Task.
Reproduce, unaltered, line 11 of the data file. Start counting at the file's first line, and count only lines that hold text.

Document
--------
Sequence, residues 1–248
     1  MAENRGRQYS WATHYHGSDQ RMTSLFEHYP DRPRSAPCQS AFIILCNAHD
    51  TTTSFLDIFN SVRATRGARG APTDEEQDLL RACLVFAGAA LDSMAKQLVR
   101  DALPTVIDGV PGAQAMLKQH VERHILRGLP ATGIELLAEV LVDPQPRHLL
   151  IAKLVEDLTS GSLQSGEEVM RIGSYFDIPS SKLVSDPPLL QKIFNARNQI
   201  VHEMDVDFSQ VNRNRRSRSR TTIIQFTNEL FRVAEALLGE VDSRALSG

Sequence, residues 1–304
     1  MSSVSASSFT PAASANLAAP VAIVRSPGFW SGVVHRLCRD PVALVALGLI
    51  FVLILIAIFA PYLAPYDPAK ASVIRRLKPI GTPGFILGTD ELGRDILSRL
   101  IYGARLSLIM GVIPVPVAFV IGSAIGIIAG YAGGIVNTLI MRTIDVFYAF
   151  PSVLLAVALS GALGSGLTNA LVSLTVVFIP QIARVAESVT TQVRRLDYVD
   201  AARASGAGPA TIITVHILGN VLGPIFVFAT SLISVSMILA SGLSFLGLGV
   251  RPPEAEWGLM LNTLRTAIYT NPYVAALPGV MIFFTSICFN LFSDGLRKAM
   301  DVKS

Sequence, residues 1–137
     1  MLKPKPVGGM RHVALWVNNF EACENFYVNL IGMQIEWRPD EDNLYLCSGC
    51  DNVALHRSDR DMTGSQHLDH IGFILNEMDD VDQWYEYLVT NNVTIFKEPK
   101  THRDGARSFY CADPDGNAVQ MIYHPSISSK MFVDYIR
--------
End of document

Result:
   151  PSVLLAVALS GALGSGLTNA LVSLTVVFIP QIARVAESVT TQVRRLDYVD